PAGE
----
What Does a Cheetah Eat?

Cheetahs (Acinonyx jubatus), like other wild animals, must fight for survival. Cheetahs hunt by sight from high points such as termite mounds or kopjes (small rocky hills).

Predators feed on various antelope species, including Thomson’s gazelle and Grant’s gazelle as well as hares and birds. When encountering people, attacks will only occur out of self-defense.


Cheetahs are carnivorous animals renowned for their carnivorous diet consisting of small to medium-sized antelope and gazelles as well as calves from larger herd animals such as goats. Additionally, their diet includes birds, rodents, and sometimes rabbits; although fresh kill is preferred over scavenged prey. Cheetahs inhabit many habitats across Africa yet are best known for their speed in hunting prey.

Diurnal hunters are usually active during the morning or afternoon, using various tactics to pursue and capture prey, including climbing trees or termite mounds to gain an advantageous vantage point and using scent detection to detect their quarry. When marking their territory with urine or defecation they also rely on their strong sense of smell to detect prey before marking with urine marking their territory as further proof.

Cheetahs, like other members of the feline family, tend to be solitary creatures who largely inhabit areas with savanna grasslands or dense bush cover – although they do well in any climate except desert and tropical ones.

Cheetahs can be found throughout Africa and some parts of southwestern Asia in their natural environments, where they are adept at concealment while running at speeds reaching 120 kilometers per hour.

Cheetahs often prey upon Thomson’s gazelle, particularly where their populations are high, though they also hunt other small to medium-sized antelope like springbok and impala as well as birds, hares and other small prey such as rabbits or birds. Unfortunately they have limited success hunting herd animals like zebras and wildebeest due to being protected by larger predators that protect them and because these don’t run as quickly.

Cheetahs utilize heavy breathing and panting as they hunt, to vent excess heat from their bodies and release heat that builds up during chases that often reach temperatures as high as 105 degrees Fahrenheit, often leaving them exhausted within minutes. They have developed adaptations such as larger kidneys for faster excretion of fluids, longer legs for faster sprinting speed, unretractable claws that don’t retract as easily, unretractable claws with unretractable claw pads for traction, as well as special paw pads adapted specifically for such intense physical activity.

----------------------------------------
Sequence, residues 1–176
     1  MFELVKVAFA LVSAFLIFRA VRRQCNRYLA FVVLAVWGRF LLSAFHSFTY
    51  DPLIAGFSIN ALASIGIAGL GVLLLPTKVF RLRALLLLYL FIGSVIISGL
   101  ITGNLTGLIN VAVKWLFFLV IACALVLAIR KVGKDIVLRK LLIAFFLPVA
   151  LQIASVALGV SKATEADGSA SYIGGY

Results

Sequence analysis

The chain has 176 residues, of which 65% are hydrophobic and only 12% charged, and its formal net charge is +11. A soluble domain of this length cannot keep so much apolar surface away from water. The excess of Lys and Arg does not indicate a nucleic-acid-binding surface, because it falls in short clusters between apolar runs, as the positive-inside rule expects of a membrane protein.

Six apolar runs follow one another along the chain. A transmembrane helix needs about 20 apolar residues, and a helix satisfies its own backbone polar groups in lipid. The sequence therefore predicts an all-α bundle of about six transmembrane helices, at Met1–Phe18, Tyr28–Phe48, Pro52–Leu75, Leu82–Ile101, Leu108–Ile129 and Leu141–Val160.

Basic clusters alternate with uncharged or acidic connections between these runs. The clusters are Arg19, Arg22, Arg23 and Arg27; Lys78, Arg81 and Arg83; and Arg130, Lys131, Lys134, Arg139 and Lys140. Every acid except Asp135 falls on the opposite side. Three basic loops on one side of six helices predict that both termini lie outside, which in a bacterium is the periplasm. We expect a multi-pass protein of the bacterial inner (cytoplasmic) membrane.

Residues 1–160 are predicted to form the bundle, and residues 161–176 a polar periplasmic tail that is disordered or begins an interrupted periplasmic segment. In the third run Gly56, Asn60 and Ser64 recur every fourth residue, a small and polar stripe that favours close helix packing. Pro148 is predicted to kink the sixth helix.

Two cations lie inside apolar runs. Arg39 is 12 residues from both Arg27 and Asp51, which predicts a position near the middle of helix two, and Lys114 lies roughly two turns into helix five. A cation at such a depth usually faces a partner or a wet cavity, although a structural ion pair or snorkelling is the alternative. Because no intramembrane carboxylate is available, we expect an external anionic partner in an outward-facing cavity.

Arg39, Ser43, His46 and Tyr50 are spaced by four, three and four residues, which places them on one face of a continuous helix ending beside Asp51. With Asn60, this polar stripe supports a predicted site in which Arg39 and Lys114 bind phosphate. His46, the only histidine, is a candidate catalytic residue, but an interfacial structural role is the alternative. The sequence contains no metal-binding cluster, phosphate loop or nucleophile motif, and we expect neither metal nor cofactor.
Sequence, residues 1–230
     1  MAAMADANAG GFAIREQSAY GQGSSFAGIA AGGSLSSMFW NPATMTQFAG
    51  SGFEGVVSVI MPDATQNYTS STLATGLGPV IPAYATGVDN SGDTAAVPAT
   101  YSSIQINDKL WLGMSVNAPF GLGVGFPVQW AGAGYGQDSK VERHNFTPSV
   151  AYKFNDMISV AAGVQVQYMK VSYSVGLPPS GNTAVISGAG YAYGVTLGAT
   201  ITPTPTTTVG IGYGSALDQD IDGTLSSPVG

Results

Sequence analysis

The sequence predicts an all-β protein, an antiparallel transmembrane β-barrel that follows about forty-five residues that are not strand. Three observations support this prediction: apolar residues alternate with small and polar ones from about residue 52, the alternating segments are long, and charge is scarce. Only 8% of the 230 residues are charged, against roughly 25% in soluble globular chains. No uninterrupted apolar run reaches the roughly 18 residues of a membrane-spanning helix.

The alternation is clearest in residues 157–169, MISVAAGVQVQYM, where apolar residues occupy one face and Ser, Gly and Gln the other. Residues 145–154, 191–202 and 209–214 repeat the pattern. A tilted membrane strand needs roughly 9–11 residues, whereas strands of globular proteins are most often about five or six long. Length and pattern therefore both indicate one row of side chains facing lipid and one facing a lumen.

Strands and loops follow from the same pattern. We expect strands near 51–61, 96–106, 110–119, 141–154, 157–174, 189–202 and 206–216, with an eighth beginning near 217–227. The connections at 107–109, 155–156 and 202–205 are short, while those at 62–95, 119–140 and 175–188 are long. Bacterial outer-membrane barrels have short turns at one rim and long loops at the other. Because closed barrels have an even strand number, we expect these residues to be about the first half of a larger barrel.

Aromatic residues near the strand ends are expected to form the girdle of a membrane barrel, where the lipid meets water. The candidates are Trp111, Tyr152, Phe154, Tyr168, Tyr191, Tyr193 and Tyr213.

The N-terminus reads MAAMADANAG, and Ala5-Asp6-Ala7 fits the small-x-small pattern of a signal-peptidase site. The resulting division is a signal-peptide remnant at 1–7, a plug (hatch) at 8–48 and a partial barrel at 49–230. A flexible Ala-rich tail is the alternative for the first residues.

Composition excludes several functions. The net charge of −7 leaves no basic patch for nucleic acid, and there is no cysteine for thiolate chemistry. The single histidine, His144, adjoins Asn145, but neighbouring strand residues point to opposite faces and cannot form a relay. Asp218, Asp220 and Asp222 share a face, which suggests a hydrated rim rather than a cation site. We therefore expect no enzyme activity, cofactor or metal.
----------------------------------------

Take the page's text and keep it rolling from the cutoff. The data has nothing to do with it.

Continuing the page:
Cheetahs are not man-eaters and will only attack humans out of self-defense when threatened. As keystone species, they should be preserved within natural reserves and parks for future generations to enjoy.


Cheetahs, as one of the fastest land animals on Earth, utilize camouflage in their natural habitat of grasslands and savannahs to effectively blend into their surroundings. Their spots blend in perfectly with their environment allowing them to hunt efficiently for prey without fear.

Cheetahs use sight rather than scent to locate their prey, scanning the countryside from termite mounds and kopjes (small, rocky hills) during the day to locate targets. When they spot their target, cheetahs creep closer until the ideal moment to unleash its powerful sprint and seize it with their jaws; once caught they clamp down hard on its windpipe for an suffocating hold that kills their prey quickly.

Cheetahs are carnivorous animals and do not consume vegetables or fruits for sustenance; instead they prefer gazelles and small antelopes for their meat intake. Cheetahs may occasionally chew grass to help digest their meals more easily as eating exclusively meat may sometimes cause bloating and stomach issues; the grass helps digest parts that cannot be broken down such as feathers.

Cheetahs, like other large cat species, tend to be solitary animals. Female cheetahs generally live and hunt alone or with groups of females with their offspring; adult males frequently form coalitions which share territories; these male coalitions can include two or three brothers as members and, when female cheetahs reach sexual maturity at 21/2 to 3 years of age, will often join one.